In general terms for the hybrid PV-TEG system, the fitness function is modeled as the output power. The corresponding search for optimum control value can be defined as dk in the possible set of solutions D using the fitness function ( P ( d k ) = V k I k ) such that d U D : P ( d ) P ( d 0 ) . For U = D , d is called a global optimum, otherwise it is called a local optimum of P ( d ) in D. The flowchart and pseudo-code of the overall process of GEPSO are presented in Figure 7 and Figure 8, respectively.

4. Results and Discussion

The performance testing setup consists of four serially connected PV modules with a boost converter that provides an interface between PV-TEG output and load resistance. MPPT controller generates the optimum duty cycle depending upon the sensors data. The results of generalized particle swarm optimization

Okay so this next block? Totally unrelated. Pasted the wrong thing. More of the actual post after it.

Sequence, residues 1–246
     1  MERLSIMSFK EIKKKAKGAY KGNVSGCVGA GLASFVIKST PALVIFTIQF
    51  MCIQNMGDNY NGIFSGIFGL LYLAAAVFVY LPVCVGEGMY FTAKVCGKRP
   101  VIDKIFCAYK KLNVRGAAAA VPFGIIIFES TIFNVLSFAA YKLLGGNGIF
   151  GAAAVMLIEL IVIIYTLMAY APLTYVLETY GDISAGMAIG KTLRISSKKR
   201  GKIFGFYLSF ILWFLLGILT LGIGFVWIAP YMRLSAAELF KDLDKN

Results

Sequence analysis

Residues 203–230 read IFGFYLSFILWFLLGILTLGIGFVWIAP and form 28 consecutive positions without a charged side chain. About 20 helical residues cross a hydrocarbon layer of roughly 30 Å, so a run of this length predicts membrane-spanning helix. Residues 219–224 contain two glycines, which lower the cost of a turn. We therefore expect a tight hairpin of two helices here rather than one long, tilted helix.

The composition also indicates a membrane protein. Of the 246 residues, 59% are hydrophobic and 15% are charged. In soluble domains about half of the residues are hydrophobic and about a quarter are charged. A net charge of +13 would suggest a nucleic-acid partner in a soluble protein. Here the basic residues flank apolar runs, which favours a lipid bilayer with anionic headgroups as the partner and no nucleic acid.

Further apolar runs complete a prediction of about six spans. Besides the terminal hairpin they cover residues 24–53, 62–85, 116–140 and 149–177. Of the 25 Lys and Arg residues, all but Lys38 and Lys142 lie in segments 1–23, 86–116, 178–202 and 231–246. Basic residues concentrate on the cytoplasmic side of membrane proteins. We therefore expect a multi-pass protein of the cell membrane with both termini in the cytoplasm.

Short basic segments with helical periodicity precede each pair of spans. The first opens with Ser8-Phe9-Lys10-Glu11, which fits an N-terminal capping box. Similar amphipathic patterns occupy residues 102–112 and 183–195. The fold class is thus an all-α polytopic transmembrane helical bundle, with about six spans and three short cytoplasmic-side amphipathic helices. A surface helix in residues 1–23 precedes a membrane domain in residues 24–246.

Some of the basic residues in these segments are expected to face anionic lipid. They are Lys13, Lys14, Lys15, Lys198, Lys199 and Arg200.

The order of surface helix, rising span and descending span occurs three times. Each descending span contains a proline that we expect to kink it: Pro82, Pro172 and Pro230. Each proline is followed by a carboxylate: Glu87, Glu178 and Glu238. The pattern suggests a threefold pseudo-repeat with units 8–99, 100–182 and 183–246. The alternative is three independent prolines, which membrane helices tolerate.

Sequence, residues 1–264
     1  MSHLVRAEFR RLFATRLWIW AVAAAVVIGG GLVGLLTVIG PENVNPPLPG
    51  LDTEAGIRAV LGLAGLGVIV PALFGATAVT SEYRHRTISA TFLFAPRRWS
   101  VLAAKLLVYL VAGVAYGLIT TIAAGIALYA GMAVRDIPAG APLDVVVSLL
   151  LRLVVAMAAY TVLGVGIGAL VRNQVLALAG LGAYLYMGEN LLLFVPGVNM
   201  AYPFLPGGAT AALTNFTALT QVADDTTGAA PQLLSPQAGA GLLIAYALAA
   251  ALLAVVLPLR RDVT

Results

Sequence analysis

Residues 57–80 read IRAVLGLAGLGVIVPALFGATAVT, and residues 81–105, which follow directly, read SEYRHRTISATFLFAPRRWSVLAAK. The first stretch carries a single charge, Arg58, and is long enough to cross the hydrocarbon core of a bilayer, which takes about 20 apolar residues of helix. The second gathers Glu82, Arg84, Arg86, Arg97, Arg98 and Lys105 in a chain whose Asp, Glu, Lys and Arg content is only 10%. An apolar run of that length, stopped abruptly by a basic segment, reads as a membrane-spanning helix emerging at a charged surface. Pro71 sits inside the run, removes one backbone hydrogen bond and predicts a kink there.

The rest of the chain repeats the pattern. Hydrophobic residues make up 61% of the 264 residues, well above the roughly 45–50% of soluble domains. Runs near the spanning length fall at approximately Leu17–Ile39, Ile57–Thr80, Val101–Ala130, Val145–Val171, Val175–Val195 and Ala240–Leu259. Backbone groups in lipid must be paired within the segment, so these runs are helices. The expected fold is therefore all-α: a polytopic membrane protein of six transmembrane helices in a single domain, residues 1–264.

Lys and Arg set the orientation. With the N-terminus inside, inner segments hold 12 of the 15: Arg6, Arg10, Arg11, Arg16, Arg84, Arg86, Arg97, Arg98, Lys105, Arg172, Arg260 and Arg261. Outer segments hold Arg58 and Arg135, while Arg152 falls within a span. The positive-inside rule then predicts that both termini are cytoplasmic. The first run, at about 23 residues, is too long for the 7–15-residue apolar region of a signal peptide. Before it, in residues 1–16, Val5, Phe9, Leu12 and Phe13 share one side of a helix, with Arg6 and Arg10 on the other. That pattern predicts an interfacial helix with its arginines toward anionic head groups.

Figure 6. Velocity update mechanism in GEPSO.

Figure 7. Flowchart of GEPSO.

Figure 8. Pseudo-code of GEPSO.

(GEPSO) are compared with other well-known methods, such as, the cuckoo search (CS), the incremental conductance (INC), particle swarm optimization (PSO), and the perturb and observe (P & O), respectively. The simulation results of GEPSO on a hybrid PV-TEG system are explained in Case 5 and Case 6. The standard hybrid PV-TEG model with GEPSO based MPPT controller is illustrated in Figure 9. The specifications of components used for matlab/simulink are listed in Table 1.

Figure 9. A schematic diagram of hybrid PV-TEG system with MPPT control.

Table 1. Specifications of PV system and dc boost converter.